PurposeSliding wear is a common phenomenon in the iron ore handling industry. Large-scale handling of iron ore bulk-solids causes a high amount of volume loss from the surfaces of bulk-solids-handling equipment. Predicting the sliding wear volume from equipment surfaces is beneficial for efficient maintenance of worn equipment. Recently, the discrete element method (DEM) simulations have been utilised to predict the wear by bulk-solids. However, the sensitivity of wear prediction subjected to DEM parameters has not been systemically investigated at single particle level. To ensure the wear predictions by DEM are accurate and stable, this study aims to conduct the sensitivity analysis at the single particle level.Design/methodology/approachIn this research, pin-on-disc wear tests are modelled to predict the sliding wear by individual iron ore particles. The Hertz–Mindlin (no slip) contact model is implemented to simulate interactions between particle (pin) and geometry (disc). To quantify the wear from geometry surface, a sliding wear equation derived from Archard’s wear model is adopted in the DEM simulations. The accuracy of the pin-on-disc wear test simulation is assessed by comparing the predicted wear volume with that of the theoretical calculation. The stability is evaluated by repetitive tests of a reference case. At the steady-state wear, the sensitivity analysis is done by predicting sliding wear volumes using the parameter values determined by iron ore-handling conditions. This research is carried out using the software EDEM® 2.7.1.FindingsNumerical errors occur when a particle passes a joint side of geometry meshes. However, this influence is negligible compared to total wear volume of a wear revolution. A reference case study demonstrates that accurate and stable results of sliding wear volume can be achieved. For the sliding wear at steady state, increasing particle density or radius causes more wear, whereas, by contrast, particle Poisson’s ratio, particle shear modulus, geometry mesh size, rotating speed, coefficient of restitution and time step have no impact on wear volume. As expected, increasing indentation force results in a proportional increase. For maintaining wear characteristic and reducing simulation time, the geometry mesh size is recommended. To further reduce simulation time, it is inappropriate using lower particle shear modulus. However, the maximum time step can be increased to 187% TR without compromising simulation accuracy.Research limitations/implicationsThe applied coefficient of sliding wear is determined based on theoretical and experimental studies of a spherical head of iron ore particle. To predict realistic volume loss in the iron ore-handling industry, this coefficient should be experimentally determined by taking into account the non-spherical shapes of iron ore particles.Practical implicationsThe effects of DEM parameters on sliding wear are revealed, enabling the selections of adequate values to predict sliding wear in the iron ore-handling industry.Originality/valueThe accuracy and stability to predict sliding wear by using EDEM® 2.7.1 are verified. Besides, this research accelerates the calibration of sliding wear prediction by DEM.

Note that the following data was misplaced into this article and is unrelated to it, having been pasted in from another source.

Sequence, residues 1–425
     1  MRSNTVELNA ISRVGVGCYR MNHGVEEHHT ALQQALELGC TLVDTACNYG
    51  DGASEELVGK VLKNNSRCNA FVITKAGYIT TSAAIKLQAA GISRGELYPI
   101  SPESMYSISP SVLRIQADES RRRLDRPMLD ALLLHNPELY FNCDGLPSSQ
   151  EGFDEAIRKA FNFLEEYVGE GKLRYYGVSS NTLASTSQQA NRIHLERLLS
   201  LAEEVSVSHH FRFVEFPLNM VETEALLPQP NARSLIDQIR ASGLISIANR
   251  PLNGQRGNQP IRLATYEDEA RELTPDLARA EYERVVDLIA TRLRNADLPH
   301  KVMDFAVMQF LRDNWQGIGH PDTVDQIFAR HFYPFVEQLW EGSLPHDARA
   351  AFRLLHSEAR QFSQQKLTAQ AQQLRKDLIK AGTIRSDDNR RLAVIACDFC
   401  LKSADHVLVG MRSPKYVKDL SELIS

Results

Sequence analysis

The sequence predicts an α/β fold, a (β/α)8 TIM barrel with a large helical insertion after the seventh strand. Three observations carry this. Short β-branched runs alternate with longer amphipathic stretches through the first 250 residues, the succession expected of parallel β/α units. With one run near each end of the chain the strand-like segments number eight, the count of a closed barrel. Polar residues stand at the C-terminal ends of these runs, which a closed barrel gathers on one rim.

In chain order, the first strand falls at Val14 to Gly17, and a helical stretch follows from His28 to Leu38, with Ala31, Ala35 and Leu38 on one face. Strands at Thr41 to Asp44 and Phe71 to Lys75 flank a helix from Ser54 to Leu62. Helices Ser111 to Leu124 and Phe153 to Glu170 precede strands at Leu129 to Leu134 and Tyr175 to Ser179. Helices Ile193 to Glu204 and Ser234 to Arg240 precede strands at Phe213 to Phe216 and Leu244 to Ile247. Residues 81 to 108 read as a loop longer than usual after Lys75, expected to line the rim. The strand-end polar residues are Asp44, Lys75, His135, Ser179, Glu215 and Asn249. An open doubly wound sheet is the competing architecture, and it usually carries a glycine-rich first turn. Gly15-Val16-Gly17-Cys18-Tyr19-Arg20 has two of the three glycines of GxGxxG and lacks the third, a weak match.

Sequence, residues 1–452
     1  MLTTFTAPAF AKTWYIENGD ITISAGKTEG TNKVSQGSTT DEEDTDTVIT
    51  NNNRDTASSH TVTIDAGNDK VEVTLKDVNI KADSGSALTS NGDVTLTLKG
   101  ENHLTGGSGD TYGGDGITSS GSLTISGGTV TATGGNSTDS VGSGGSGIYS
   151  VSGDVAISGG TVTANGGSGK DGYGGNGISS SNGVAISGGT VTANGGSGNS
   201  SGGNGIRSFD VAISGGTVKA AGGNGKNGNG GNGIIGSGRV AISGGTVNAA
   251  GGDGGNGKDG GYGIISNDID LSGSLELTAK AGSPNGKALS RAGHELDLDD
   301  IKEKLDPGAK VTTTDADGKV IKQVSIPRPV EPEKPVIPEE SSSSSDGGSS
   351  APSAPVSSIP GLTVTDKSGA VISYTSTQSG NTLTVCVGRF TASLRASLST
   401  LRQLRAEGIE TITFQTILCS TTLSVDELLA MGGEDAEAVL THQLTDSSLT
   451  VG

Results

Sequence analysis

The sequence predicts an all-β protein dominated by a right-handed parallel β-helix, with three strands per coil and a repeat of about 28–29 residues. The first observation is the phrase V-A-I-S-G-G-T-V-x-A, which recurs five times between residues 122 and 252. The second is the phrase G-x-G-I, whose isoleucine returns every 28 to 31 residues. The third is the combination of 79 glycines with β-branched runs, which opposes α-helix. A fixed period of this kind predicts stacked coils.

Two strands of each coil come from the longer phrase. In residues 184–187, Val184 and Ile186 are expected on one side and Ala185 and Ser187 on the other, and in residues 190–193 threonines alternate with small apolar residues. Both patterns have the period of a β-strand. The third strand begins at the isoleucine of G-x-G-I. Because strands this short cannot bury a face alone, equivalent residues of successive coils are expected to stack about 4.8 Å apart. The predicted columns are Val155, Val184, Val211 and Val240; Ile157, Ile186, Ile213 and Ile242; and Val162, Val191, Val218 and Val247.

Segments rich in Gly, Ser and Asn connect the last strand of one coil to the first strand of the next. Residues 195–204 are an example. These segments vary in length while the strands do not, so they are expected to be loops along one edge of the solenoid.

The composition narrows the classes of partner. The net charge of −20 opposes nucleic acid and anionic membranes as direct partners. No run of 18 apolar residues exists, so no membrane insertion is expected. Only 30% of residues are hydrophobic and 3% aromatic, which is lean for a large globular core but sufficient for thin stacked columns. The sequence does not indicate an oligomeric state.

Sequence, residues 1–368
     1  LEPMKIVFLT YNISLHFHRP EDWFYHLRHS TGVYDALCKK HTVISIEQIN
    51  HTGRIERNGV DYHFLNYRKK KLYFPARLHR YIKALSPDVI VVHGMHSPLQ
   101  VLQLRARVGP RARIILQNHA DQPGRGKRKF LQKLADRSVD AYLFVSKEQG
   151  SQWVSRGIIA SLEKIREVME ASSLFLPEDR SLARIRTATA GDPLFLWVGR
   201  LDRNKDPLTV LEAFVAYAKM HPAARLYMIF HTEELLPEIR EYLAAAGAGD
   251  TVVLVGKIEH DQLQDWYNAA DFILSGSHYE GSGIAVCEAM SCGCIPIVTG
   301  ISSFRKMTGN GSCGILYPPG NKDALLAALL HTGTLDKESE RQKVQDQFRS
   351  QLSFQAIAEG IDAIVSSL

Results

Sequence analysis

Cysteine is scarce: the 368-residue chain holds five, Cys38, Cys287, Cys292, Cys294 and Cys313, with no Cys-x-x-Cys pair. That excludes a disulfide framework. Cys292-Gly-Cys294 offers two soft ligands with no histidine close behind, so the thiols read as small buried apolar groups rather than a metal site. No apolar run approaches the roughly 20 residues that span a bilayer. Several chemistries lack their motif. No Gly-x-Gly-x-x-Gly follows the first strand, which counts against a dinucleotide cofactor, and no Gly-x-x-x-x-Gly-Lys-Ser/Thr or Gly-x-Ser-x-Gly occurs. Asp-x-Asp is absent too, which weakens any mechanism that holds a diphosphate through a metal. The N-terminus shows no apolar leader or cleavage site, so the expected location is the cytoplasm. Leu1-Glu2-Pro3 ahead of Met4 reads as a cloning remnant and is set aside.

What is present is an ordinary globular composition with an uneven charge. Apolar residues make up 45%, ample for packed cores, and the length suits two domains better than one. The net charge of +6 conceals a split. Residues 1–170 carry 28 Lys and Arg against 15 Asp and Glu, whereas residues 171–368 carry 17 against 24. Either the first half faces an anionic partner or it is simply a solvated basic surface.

Engineering Computations – Emerald Publishing
Published: Aug 7, 2017
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